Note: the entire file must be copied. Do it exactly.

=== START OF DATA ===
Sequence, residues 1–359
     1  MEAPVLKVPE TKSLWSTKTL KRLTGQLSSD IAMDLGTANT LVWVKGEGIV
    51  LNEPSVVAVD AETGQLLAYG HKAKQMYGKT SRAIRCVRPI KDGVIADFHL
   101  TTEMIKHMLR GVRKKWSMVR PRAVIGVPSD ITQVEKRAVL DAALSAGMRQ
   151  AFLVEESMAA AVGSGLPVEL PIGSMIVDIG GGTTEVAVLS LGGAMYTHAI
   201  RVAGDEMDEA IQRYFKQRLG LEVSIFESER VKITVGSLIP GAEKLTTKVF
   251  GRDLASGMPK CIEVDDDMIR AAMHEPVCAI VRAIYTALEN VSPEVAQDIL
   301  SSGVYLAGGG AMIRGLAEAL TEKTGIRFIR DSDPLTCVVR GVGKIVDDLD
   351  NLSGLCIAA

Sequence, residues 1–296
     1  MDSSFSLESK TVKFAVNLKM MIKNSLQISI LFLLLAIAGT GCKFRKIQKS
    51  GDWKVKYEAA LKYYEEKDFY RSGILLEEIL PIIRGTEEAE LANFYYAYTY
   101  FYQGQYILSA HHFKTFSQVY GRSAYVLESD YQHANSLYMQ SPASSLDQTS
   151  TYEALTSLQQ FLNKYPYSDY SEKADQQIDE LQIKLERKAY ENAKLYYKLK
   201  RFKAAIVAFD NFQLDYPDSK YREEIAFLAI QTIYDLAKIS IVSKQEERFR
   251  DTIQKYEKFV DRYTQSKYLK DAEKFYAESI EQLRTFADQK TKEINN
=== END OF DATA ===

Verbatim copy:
Sequence, residues 1–359
     1  MEAPVLKVPE TKSLWSTKTL KRLTGQLSSD IAMDLGTANT LVWVKGEGIV
    51  LNEPSVVAVD AETGQLLAYG HKAKQMYGKT SRAIRCVRPI KDGVIADFHL
   101  TTEMIKHMLR GVRKKWSMVR PRAVIGVPSD ITQVEKRAVL DAALSAGMRQ
   151  AFLVEESMAA AVGSGLPVEL PIGSMIVDIG GGTTEVAVLS LGGAMYTHAI
   201  RVAGDEMDEA IQRYFKQRLG LEVSIFESER VKITVGSLIP GAEKLTTKVF
   251  GRDLASGMPK CIEVDDDMIR AAMHEPVCAI VRAIYTALEN VSPEVAQDIL
   301  SSGVYLAGGG AMIRGLAEAL TEKTGIRFIR DSDPLTCVVR GVGKIVDDLD
   351  NLSGLCIAA

Sequence, residues 1–296
     1  MDSSFSLESK TVKFAVNLKM MIKNSLQISI LFLLLAIAGT GCKFRKIQKS
    51  GDWKVKYEAA LKYYEEKDFY RSGILLEEIL PIIRGTEEAE LANFYYAYTY
   101  FYQGQYILSA HHFKTFSQVY GRSAYVLESD YQHANSLYMQ SPASSLDQTS
   151  TYEALTSLQQ FLNKYPYSDY SEKADQQIDE LQIKLERKAY ENAKLYYKLK
   201  RFKAAIVAFD NFQLDYPDSK YREEIAFLAI QTIYDLAKIS IVSKQEERFR
   251  DTIQKYEKFV DRYTQSKYLK DAEKFYAESI EQLRTFADQK TKEINN